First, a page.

Broadway’s Most Wanted

Broadway’s Most Wanted

Broadway’s Most Wanted

by Tom Shea

Brassey’s

Broadway’s Most Wanted is part of a series from Brassey’s collecting “top 10” lists on various subjects: Hollywood, TV, etc. This one features Broadway — loosely defined to include all musical theater and some film and television.

Author Tom Shea’s writing style veers from that of the critic who wants to be quoted (worst kind) —

The Producers is a laff-a-minute, anything-goes, old-fashioned musical comedy the likes of which hadn’t been seen on Broadway in years.”

— to the hugely enthusiastic prat:

“John Kander and Fred Ebb wrote their next score, Cabaret, with Minnelli in mind. She didn’t do it on stage but had some mild success with the film version (you know, co-starring with a guy named Oscar!).”

Fortunately, no one other than a theater geek is likely to pick up this book, and neither of those qualities is likely to put them out.

What they’ll find is a book that makes, in a few words, fine bathroom reading for any gay couples or “metrosexuals” you know. A consistently engaging showcase of trivia and information, it’s unabashedly light reading that aims to go in one ear and out the other, and succeeds with ease.

Only a thoroughly bitchy theater-geek would find fault.

So, let’s get started with those faults.

• •

Most magnificent missed opportunity for an even greater anecdote: “Abominable Showman” David Merrick pulled a famous publicity prank for his show Subways Are For Sleeping in 1961. He found people whose names matched those of drama critics of the day, took them to see the show, and quoted them in advertisements. The book reports this. But it doesn’t know that afterward, performer/writer Peter Cook decided to go Merrick one better, finding another man named David Merrick, taking him to see hisshow, and…

The greatest rhyme since “Josie & the Pussycats, long tails, and ears for hats.” How do you do a list of musical theater “spoofs” that includes “Oh! Streetcar!” From The Simpsons, without quoting:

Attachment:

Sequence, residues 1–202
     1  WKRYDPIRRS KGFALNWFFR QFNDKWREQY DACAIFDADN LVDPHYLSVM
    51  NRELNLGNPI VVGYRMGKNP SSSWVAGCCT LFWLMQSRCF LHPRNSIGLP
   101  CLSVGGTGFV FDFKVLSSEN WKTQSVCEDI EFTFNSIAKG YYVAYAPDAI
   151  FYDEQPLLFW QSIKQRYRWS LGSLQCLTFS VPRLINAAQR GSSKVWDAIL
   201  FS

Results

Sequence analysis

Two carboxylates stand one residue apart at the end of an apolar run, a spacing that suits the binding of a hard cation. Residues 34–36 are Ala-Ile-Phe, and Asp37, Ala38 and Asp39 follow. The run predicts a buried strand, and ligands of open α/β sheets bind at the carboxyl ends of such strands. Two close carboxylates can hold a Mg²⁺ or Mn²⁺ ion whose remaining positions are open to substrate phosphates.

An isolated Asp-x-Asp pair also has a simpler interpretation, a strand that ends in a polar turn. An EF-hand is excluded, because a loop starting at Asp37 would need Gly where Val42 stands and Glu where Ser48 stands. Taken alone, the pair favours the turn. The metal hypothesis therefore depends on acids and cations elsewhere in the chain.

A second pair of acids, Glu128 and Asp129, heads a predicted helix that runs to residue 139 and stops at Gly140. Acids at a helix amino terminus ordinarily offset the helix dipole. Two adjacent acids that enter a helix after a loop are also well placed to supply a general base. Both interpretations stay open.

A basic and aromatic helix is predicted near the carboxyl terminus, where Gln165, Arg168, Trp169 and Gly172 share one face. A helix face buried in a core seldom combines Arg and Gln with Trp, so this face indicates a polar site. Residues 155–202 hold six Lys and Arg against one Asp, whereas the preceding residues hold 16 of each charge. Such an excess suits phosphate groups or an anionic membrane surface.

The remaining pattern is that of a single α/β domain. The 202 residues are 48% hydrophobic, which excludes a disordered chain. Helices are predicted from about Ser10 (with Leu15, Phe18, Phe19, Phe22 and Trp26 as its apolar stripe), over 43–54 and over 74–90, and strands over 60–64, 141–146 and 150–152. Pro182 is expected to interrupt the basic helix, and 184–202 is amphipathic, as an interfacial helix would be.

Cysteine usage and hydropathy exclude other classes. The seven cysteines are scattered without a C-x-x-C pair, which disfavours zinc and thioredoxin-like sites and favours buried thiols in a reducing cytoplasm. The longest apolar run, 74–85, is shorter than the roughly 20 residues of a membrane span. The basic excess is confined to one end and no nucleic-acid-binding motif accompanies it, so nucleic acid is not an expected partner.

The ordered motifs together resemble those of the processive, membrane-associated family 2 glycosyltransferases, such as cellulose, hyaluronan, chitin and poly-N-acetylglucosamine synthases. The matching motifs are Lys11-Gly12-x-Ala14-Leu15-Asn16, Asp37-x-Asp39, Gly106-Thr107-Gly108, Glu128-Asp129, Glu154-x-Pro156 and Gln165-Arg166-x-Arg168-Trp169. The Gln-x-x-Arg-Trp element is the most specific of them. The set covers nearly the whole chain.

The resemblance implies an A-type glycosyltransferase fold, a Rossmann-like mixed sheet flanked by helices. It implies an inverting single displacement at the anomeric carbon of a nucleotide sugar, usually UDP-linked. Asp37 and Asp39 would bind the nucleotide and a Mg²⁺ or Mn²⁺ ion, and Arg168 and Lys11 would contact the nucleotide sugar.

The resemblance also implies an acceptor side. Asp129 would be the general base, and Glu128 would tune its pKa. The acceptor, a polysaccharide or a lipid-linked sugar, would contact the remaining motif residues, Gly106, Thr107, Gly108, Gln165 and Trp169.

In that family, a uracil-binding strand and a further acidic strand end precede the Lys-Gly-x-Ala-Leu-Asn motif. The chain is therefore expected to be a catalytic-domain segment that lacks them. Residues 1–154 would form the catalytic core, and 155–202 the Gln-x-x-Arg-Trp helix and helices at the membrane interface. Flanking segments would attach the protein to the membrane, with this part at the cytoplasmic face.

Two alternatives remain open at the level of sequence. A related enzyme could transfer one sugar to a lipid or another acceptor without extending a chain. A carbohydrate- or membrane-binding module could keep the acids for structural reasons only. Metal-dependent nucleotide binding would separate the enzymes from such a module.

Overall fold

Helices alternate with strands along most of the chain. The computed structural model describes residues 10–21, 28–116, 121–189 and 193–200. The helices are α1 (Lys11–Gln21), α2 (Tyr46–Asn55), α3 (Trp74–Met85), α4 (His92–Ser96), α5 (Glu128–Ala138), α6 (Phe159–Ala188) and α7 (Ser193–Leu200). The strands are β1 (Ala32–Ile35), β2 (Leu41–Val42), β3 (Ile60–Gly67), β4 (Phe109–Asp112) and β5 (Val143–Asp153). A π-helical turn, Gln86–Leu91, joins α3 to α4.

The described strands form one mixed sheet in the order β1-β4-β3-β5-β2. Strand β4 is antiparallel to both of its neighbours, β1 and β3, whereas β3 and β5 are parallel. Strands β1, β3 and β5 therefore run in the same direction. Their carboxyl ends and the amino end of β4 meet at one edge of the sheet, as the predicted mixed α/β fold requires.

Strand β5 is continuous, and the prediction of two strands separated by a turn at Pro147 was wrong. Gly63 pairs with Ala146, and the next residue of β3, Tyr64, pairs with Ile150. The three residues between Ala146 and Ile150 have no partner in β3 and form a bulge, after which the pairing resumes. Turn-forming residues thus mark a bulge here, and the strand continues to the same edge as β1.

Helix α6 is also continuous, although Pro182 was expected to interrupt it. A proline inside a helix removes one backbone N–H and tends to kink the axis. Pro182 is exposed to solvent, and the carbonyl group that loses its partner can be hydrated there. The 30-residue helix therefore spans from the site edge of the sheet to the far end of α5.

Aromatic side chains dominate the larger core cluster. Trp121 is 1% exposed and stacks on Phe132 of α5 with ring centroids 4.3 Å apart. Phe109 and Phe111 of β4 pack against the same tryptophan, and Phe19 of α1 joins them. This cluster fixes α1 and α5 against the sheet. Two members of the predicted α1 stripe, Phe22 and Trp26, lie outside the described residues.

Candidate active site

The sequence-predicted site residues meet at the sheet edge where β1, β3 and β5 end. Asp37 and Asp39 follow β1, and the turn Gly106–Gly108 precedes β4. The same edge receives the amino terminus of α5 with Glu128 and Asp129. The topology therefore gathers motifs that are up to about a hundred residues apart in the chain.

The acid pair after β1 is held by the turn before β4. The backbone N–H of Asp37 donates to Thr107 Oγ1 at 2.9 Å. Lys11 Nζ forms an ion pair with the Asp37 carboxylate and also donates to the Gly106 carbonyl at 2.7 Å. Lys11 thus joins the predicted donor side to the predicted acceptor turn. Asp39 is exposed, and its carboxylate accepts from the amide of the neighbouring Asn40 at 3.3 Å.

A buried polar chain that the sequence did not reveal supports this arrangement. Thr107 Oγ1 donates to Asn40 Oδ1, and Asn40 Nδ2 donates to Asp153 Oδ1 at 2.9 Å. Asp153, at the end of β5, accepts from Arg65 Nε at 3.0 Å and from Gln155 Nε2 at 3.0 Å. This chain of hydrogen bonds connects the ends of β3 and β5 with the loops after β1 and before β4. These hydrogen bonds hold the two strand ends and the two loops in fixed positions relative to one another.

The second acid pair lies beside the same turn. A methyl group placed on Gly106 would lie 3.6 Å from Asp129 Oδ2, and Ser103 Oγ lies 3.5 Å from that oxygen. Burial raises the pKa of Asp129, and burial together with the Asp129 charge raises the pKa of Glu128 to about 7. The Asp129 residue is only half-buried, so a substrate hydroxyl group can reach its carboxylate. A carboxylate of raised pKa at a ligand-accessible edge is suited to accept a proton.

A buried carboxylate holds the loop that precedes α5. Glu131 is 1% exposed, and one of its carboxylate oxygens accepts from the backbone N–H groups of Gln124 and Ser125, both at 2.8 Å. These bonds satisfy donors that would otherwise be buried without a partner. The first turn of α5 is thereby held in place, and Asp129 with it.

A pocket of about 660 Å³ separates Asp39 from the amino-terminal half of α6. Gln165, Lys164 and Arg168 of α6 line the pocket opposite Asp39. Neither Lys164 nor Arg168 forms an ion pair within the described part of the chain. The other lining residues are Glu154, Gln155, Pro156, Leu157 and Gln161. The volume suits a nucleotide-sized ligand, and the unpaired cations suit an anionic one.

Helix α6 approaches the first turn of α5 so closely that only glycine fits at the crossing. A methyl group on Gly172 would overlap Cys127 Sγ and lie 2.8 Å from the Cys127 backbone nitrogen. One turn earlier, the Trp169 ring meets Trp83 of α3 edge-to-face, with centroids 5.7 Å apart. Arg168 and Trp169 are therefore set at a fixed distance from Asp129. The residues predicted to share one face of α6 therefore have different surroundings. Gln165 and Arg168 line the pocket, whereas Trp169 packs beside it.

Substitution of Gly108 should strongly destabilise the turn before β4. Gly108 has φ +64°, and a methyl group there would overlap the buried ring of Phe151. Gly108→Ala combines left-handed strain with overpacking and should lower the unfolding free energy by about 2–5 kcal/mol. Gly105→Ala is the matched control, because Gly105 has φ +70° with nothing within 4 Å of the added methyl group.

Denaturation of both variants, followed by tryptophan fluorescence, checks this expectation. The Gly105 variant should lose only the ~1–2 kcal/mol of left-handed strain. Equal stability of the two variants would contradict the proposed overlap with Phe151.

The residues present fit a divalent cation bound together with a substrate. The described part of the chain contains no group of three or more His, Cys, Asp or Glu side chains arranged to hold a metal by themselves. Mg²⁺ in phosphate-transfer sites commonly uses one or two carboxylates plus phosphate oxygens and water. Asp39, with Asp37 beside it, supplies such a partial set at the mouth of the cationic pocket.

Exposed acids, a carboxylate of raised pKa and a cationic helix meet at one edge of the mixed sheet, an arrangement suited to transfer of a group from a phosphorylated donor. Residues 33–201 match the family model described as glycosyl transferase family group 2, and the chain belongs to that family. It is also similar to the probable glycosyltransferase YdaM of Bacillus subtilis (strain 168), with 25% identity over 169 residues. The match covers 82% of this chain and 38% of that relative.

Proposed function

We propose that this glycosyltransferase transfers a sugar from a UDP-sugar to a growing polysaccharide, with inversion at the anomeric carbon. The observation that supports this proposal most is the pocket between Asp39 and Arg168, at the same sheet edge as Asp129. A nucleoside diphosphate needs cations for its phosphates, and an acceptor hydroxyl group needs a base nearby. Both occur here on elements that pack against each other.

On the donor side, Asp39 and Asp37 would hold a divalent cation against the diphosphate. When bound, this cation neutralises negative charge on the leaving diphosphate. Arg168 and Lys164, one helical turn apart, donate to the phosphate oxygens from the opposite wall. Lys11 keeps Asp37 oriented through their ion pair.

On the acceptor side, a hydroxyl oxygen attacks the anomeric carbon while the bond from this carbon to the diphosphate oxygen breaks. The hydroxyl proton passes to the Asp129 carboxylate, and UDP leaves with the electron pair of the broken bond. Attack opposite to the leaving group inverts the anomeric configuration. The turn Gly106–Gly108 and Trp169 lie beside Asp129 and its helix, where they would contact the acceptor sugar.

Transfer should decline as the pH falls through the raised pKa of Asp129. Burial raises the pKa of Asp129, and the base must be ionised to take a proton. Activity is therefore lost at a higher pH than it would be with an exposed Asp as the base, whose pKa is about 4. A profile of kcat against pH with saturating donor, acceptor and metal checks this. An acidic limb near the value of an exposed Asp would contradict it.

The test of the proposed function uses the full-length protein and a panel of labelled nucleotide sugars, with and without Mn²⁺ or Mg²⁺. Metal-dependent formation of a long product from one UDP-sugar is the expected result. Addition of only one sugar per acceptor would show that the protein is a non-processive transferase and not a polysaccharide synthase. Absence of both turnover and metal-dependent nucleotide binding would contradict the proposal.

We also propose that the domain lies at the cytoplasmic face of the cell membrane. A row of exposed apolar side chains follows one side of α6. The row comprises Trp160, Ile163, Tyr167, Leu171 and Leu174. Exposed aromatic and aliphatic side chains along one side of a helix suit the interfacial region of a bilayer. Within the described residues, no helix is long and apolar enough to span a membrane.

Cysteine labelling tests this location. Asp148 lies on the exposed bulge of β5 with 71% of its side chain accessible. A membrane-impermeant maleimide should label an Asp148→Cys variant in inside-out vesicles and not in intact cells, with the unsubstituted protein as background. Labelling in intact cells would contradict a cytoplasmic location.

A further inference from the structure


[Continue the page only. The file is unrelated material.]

“Long before the Superdome/ Where the Saints of football play/ There’s a city where the damned call home/ Hear their hellish rondelet?”

At least this gives me a chance to plug the autobiography of a hero: There’s more to why Milton Berle didn’t do A Funny Thing Happened On The Way To The Forum than just him thinking it was “old shtick,” and you can read all about it in Larry Gelbart’s Laughing Matters.

Most Glaring Omission: How do you write about Bob Fosse and not mention that he is, unless I’m very much mistaken, the first and only man to win a Tony, an Oscar and an Emmy for directing all in the same year?

God, I Hate You, Kenny: How do you include Buffy the Vampire Slayer‘s musical episode, but not the South Park movie — the best musical of the past five years, according to some bitter old queen named Stephen Sondheim.

Am I being trite, or: Is it okay to wonder how you make a list of “Depictions of Faith in Broadway Musicals” without Jesus Christ Superstar or Godspell?

Statement that most made me want to challenge the writer to a Zell Miller-style duel: What do you mean synthpop is outdated?

Runner-up: What do you mean Tim Rice writes “uninspired” lyrics?

Really snotty nitpicking: The name of the film-within-the-film in Fosse’s All That Jazz is The Stand-Up, not The Comedian.

Most stretched point: Including a musical called Tenderloin in a list of musicals with numbers in their names.

Most Curious Individual Statement: Angela Lansbury was Gwen Verdon’s stage alter ego?

Brassey’s: www.brasseysinc.com

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